A bit over a week ago I wrote about my experience with the cost cutting at Etihad’s Washington Dulles Lounge (which I published a full review of yesterday). Specifically, the lounge didn’t have any sort of a dine on demand menu, and also didn’t have a cocktail list, in stark contrast to my experience at Etihad’s other lounges.
There’s no denying that the Gulf carriers are under financial pressure from their governments, and we’re starting to see quite some signs of that when it comes to the passenger experience. Don’t get me wrong, they still offer an all around excellent experience, though it’s just not quite to the level that it once was, at least in some areas.
Anyway, my visit to the Etihad Lounge at Dulles Airport was the first time I had visited that particular lounge, so I couldn’t really do an apples-to-apples comparison of the cost cutting, but rather could only compare it to my experience at other Etihad lounges.
However, yesterday I also visited the Etihad Lounge New York JFK, which I’ve reviewed before. I won’t be writing a full review of the lounge, though instead will just share the significant ways it has changed in the year or so since I last visited.
The lounge is still an absolutely stunning space, so I have nothing to fault them for there.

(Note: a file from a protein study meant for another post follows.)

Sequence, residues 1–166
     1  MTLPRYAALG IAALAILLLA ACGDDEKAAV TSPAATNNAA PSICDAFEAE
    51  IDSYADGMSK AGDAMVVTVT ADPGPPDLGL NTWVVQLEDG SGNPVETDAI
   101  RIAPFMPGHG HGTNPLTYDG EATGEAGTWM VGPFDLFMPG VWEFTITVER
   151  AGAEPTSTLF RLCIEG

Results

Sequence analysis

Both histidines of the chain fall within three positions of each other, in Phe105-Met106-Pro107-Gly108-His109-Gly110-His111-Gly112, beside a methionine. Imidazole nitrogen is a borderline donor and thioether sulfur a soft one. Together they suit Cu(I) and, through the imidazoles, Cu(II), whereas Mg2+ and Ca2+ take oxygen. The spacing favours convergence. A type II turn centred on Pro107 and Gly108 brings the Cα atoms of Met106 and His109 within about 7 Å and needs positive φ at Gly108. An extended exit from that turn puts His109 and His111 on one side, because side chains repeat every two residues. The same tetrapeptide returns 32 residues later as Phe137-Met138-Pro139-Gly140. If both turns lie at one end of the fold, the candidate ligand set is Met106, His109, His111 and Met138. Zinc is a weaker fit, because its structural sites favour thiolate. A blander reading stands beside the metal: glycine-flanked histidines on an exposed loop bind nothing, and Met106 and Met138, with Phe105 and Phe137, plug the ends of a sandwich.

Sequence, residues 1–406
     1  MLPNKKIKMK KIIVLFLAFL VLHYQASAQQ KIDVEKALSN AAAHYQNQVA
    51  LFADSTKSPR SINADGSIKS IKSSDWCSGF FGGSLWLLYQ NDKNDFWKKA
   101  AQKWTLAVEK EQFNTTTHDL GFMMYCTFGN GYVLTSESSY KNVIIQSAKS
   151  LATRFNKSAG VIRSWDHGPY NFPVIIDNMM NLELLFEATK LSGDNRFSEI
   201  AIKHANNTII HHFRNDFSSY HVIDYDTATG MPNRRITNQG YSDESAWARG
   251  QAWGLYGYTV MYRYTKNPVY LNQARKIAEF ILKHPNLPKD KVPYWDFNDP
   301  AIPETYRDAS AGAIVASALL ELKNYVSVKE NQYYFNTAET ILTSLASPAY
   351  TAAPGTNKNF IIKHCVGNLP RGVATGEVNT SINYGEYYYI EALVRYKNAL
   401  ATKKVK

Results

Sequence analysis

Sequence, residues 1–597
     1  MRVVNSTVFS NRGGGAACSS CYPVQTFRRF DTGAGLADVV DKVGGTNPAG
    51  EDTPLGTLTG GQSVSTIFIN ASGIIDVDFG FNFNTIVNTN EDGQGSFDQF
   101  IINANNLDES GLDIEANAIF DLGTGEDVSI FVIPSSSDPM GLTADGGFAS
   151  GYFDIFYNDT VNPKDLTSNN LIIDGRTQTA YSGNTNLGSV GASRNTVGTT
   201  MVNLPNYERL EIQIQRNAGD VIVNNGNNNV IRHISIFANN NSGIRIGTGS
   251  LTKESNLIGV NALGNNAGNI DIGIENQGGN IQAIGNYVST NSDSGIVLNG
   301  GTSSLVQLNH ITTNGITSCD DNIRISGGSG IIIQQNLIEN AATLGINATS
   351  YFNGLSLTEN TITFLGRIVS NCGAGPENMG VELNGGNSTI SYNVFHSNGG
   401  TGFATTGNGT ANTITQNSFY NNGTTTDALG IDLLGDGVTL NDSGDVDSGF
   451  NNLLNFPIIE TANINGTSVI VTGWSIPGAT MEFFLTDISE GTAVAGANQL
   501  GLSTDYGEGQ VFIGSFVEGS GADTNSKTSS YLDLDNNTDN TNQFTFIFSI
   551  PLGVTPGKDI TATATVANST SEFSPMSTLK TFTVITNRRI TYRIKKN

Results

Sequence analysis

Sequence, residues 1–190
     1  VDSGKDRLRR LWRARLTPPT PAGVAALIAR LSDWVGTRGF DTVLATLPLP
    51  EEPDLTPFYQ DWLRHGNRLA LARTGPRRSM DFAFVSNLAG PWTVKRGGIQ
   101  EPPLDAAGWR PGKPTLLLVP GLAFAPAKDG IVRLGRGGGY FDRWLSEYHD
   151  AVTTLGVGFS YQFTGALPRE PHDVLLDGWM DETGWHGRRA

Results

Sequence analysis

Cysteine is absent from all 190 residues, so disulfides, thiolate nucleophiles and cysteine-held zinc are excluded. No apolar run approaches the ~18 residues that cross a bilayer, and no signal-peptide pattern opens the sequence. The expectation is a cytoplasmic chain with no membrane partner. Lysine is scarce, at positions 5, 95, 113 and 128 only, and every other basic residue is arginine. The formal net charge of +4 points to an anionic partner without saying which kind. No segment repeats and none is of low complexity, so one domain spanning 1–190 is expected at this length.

Like last time, the lounge still has a high quality buffet, which remains mostly unchanged. There’s salad, fruit, some basic desserts, as well as three hot dishes.
Last time the lounge had an extensive menu, consisting of two appetizers, four main courses, and five desserts.
Now they’re down to just five small plates to choose from.
In the past I’d say the food was restaurant quality and beautifully presented…
While now the whole thing looks more like an afterthought. They were out of samosas when we were there, so we ordered the beef sliders and chicken satay. The sliders were perfectly fine, while the chicken satay was sort of sad.
I’m not really sure why they even bother with a menu anymore — these are things they could just as easily add to the buffet.
Oh, and Etihad’s creative and impressive list of city themed cocktails? Those are gone as well. While you can still order drinks from the bar, there’s no more cocktail list.
Don’t get me wrong, the Etihad Lounge JFK is still nice, and is still better than the one at Dulles Airport. However, it’s not nearly as impressive as it used to be, as this lounge had some of the best a la carte dining and drinks of any business class lounge in the world.
Etihad is certainly cutting costs when it comes to their soft product, though I guess they can afford to do so.
I know this is very much a first world problem and something minor, but I found the direct comparison to be interesting.